Trust Bloomberg Tax's Premier International Tax offering for the news and guidance to navigate the complex tax treaty networks and business regulations.
By Ben Stupples
Aug. 18 — Israel has backtracked on plans to crack down on tax evasion by scrapping changes to a law that exempts residents from tax on foreign earnings.
The Finance Ministry's first state budget draft had proposed altering two articles of the country's Income Tax Ordinance, which allows foreign or returning Israeli residents to pay no tax on income earned from overseas assets for a decade after the date on which they became an Israeli citizen.
But lobbying against the proposed changes by Sofa Landver, cabinet minister for immigrant absorption, has blocked a vote on the proposals—which means that new immigrants and returning Israelis will remain exempt from disclosing their foreign earnings.
Landver argued the changes would have deterred entrepreneurs and wealthy individuals from moving or returning to Israel, according to the Tel Aviv-based newspaper Haaretz.
Daniel Paserman, a partner at the law firm Gornitzky & Co. in Tel Aviv, told Bloomberg BNA Aug. 4 that anyone with “skeletons in their closet” would have been deterred by the proposed amendments. “This was included last year and was eventually taken out,” he said.
The Israeli law—similar to the U.K.’s non-domicile legislation that allows residents who have their permanent home outside the country to pay no U.K. tax on foreign income—was introduced as an incentive to attract Israeli citizens who had emigrated. The lack of required disclosure has since created opportunities, however, for new arrivals to take advantage of the incentive and evade paying tax.
“The bottom line is that the government wants to have all the possible information in order to audit the taxpayers,” Paserman said on why the Finance Ministry originally included the changes.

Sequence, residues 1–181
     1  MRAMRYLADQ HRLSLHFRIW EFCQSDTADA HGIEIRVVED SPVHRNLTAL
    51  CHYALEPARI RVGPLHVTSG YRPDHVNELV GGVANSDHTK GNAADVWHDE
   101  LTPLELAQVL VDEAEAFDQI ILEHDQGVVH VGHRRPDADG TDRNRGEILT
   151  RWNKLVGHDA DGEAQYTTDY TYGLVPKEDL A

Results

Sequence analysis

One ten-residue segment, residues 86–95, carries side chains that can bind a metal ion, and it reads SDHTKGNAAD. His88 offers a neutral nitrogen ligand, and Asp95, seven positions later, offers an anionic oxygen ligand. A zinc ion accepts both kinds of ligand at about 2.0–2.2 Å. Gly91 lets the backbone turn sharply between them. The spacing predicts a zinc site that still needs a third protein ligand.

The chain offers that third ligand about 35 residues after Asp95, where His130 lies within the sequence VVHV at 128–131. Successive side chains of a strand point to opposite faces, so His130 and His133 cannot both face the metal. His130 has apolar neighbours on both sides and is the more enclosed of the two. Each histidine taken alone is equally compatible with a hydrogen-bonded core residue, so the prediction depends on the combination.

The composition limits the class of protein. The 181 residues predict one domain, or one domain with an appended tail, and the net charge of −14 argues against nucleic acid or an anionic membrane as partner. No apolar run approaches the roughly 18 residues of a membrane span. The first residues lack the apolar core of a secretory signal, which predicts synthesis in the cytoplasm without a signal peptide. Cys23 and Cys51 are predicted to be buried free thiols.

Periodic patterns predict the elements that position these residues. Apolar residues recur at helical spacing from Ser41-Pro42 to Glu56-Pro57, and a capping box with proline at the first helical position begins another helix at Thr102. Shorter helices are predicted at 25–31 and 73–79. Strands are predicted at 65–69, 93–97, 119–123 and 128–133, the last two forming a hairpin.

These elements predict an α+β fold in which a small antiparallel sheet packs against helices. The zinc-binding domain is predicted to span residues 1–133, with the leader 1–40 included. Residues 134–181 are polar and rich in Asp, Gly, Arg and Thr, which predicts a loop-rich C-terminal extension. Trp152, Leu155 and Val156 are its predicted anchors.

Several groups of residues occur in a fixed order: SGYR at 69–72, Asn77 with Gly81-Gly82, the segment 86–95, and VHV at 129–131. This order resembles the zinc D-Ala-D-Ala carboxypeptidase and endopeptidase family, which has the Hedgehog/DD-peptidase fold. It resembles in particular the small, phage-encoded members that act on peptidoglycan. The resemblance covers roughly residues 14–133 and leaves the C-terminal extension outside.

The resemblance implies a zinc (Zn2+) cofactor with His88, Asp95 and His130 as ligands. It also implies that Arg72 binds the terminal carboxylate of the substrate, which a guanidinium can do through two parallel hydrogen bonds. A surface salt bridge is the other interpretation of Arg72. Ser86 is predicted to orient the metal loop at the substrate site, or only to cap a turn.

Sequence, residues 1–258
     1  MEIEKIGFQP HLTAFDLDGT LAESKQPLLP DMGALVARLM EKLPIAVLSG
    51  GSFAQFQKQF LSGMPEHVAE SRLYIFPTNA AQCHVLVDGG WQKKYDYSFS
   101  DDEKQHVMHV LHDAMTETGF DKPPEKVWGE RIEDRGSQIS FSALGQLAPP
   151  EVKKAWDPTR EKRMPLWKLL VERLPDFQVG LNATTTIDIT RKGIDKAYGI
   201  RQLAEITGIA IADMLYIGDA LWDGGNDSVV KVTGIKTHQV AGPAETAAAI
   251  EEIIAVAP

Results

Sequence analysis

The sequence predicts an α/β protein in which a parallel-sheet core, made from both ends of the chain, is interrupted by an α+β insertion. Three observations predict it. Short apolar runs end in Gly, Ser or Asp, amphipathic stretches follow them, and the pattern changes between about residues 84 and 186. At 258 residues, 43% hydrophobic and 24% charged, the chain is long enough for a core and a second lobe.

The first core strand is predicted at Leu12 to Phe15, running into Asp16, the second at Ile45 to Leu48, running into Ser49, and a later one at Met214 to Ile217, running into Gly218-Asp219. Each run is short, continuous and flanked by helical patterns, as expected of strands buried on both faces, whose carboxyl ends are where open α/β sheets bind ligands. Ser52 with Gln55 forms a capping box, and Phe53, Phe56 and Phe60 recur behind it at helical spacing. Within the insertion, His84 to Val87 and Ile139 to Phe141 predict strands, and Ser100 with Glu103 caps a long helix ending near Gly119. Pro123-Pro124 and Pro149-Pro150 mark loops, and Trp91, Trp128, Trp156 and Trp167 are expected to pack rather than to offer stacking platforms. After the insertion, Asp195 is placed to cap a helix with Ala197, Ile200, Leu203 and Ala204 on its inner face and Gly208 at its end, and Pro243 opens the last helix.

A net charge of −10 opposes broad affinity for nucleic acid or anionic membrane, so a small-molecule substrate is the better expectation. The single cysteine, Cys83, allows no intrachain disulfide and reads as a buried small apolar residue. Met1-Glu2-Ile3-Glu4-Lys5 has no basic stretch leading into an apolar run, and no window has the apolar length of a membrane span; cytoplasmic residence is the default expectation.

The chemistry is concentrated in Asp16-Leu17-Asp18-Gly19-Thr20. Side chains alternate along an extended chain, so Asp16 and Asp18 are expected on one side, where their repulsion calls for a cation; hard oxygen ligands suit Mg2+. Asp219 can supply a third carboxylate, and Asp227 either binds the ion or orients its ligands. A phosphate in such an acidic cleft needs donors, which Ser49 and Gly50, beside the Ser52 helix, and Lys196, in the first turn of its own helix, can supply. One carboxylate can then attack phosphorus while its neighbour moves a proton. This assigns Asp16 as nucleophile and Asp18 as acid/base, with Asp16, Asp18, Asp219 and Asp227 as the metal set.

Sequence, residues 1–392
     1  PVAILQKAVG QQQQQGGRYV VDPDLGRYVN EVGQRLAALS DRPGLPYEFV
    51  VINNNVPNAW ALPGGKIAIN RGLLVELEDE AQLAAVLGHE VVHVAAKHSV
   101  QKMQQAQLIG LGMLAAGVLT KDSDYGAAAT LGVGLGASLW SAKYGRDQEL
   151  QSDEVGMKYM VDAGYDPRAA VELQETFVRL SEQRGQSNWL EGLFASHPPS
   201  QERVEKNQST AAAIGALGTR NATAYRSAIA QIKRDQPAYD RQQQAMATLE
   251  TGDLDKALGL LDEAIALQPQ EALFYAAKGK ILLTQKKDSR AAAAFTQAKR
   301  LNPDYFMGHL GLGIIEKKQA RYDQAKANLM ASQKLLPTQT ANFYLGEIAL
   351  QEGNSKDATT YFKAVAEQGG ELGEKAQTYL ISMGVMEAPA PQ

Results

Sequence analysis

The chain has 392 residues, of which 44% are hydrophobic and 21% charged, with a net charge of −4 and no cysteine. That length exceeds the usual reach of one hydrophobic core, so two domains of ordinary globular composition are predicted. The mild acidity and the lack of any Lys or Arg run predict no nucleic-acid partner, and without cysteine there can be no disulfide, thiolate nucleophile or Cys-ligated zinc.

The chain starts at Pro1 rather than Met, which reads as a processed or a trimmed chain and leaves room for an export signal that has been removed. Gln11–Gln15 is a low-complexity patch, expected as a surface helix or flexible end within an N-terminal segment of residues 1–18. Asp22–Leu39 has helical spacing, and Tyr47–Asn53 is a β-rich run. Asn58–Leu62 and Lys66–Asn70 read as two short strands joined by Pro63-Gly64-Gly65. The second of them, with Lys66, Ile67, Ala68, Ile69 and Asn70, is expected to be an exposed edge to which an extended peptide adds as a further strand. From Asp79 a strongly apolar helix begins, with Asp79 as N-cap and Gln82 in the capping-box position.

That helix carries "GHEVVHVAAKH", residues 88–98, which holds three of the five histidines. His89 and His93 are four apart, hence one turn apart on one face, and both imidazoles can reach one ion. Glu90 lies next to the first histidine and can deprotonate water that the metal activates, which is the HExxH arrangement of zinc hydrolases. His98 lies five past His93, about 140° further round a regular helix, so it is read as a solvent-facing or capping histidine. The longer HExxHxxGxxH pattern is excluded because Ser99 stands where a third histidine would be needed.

The government's proposed tax changes come as the Israeli Tax Authority announced Aug. 1 that French tax authorities turned over a list of unreported foreign bank accounts at HSBC Switzerland, including 8,000 Israeli-held accounts. The authority plans to initiate an investigation into whether these accounts have been reported under its voluntary disclosure procedure, which has been extended until Dec. 31.
Tax Authority Director Moshe Asher has encouraged Israeli taxpayers with foreign bank accounts to avail themselves of the voluntary disclosure program. Following legislative amendments earlier this year, tax evasion is now an underlying offense to money laundering, subject to criminal prosecution. The voluntary disclosure program grants immunity from prosecution but will still require taxpayers to pay back taxes and penalties.
Israel has inadvertently emerged as a tax shelter under laws designed to encourage Jewish immigration, Asher said in December 2013 at the Institute of Certified Public Accountants in Jerusalem. The government granted new immigrants and returning Israelis a five-year exemption from paying taxes on their foreign assets in 2003. Five years later, Amendment 168 to the Income Tax Ordinance doubled the exemption period to 10 years.
With assistance from Joanne Baxter in Washington.
To contact the reporter on this story: Ben Stupples in London at email@example.com
To contact the editor responsible for this story: Penny Sukhraj at firstname.lastname@example.org
The original draft budget, in Hebrew, is at http://src.bna.com/htd.
Israel's news release on the turnover of HSBC documents is at https://taxes.gov.il/About/SpokesmanAnnouncements/Pages/Ann_010816_1.aspx.
Copyright © 2016 The Bureau of National Affairs, Inc. All Rights Reserved.
Notify me when updates are available (No standing order will be created).
Put me on standing order
Notify me when new releases are available (no standing order will be created)